[…] People want to work with you because of what you have already done. So if you want to do this or that, you need to do it proactively, beforehand, to give direction to your work and portfolio. […]
Elizaveta Porodina
[…] Strategy can seem like a very cold, practical pragmatic word, but what it really is is self-care. […]
Elizaveta Porodina
[…] (Strategy) is realising who you are, what you really like, who you want to surround yourself with, who are the people that you really want in your life. Who benefits your mind and your passion? Who contributes the most to your art? Who makes you ultimately better? […]
Random Studio
[…] DL
When you really want to be a partner for a client you have to have a strategic point of view on the world we both operate in, from a holistic point of view. Not only the market but what is happening in the world on a grander scheme […]
Random Studio
[…] DL
We worked with a philosopher, Andre Platteel, to create a strategy for our studio. As mentioned earlier we live in challenging but also interesting ever‑changing times. We were looking for a strategy that felt more like a fluid construct. Something to refer back to, but also something that was able to change and adapt. […]
OK-RM
[…] RM
Strategy is a funny thing, too. It’s a bit like graphic design: no one knows what it means. Because conceptual art is strategy, it’s only strategy (…) in that sense, we consider strategy and conceptual thinking very aligned, and that’s basically what we do. We are absolutely strategic. […]
OK-RM
[…] OK
We see the role of the graphic designer as having the potential to be very much in the middle of all the decisions. And if you can negotiate with those around you then you can… I mean, that’s the strategy isn’t it? It’s a negotiation. It’s about relationships with other people that make the decisions. […]
Tomorrow Bureau
[…] JE
The realisation that we needed to be strategic was one of necessity (…) and when you realise that your choices actually make the success you have, you can’t help but be more interested in it. So what other decisions can we make? Where else can we bring change? […]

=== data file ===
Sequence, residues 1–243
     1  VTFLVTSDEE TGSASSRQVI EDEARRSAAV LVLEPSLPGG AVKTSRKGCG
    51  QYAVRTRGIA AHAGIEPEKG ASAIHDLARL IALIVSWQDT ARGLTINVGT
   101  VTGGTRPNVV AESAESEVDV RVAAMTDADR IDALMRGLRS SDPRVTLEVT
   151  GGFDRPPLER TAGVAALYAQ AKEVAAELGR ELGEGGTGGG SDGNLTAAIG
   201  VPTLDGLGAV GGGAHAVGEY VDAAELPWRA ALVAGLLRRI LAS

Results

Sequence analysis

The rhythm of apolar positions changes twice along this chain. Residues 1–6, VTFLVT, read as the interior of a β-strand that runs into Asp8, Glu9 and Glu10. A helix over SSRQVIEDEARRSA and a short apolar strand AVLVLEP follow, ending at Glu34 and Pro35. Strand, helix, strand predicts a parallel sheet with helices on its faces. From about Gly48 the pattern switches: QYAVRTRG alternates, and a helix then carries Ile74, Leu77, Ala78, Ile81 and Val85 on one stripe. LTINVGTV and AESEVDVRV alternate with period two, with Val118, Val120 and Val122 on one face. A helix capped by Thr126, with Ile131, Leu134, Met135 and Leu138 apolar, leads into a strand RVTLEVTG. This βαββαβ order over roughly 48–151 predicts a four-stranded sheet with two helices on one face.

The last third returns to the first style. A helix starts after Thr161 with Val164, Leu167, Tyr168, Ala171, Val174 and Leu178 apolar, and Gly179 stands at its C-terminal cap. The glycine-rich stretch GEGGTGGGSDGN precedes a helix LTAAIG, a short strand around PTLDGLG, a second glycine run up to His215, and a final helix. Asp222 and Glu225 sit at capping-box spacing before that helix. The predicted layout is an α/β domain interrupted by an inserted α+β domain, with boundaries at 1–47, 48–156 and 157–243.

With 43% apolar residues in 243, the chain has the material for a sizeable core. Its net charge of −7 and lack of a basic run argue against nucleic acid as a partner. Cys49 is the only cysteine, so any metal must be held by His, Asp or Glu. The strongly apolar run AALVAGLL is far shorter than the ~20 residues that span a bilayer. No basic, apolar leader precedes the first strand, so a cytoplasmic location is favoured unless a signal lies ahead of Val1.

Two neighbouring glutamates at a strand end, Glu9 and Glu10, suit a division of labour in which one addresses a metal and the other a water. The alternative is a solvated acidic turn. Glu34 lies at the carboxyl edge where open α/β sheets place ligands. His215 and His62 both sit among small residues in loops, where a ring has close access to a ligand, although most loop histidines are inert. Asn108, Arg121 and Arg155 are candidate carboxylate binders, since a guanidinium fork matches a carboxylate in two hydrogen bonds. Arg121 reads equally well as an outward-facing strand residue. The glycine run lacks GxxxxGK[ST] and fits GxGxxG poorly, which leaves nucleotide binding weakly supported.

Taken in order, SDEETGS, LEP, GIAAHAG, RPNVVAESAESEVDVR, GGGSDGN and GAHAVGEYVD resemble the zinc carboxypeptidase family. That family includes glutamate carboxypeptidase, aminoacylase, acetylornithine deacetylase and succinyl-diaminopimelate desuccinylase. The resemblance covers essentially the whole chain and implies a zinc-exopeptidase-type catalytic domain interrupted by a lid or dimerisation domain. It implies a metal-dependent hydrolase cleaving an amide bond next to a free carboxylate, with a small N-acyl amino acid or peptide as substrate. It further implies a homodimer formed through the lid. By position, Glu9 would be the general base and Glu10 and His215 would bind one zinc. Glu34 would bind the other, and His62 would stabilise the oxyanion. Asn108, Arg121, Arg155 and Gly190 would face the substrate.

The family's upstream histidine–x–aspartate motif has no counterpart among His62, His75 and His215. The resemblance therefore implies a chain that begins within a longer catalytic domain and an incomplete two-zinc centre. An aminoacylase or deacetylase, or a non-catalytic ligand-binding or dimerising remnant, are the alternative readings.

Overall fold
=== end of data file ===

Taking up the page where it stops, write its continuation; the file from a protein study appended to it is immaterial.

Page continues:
Tomorrow Bureau
[…] JF
It just comes down to assessing the landscape, assessing your situation in a very honest way, even if that analysis hurts (…) If you build a strategy upon a falsehood, then I think that strategy is probably doomed to fail. Taking a cold hard look at your situation, and then building a response from that seems like the natural way of doing thing, when you read about strategy, that’s one of the first things they say. […]
Brian Roettinger
[…] You need to be able to pivot… […]
Brian Roettinger
[…] That’s important to us: what does it mean, what does it make you feel and why. […]
Brian Roettinger
[…] Every brand or collaborator is different in the way we deal with them. You have to build trust with them and build a conversation where they understand your creative thinking and your problem solving. They must be willing to take the risk. And you have to show them why it’s important to take risks. […]
Brian Roettinger
[…] You have to build trust with clients and build a conversation where they understand your creative thinking and your problem solving. They must be willing to take the risk. And you have to show them why it’s important to take risks. […]
Brian Roettinger
[…] Strategy is just a creative thinking that involves design. It’s very much part of how we think. […]
Brian Roettinger
[…] I love the Germs! Actually, their strategy was they made T‐shirts before they made any songs.
They had T‐shirts before they even played a show or had a song which is kind of interesting,
much. […]
Yorgo Tloupas
[…] In the end, my strategy is to attempt to help people understand design. […]
Yorgo Tloupas
[…] I have a great thirst for knowledge about the ways other people go about their business (…) I like to talk with product designers, I like to talk with architects, with the guys who build my skis, etc. And see how business models in other fields can be applied – or not – to our profession. […]
Yorgo Tloupas
[…] Strategy in our field, alas, usually all comes down to the network. […]
Yorgo Tloupas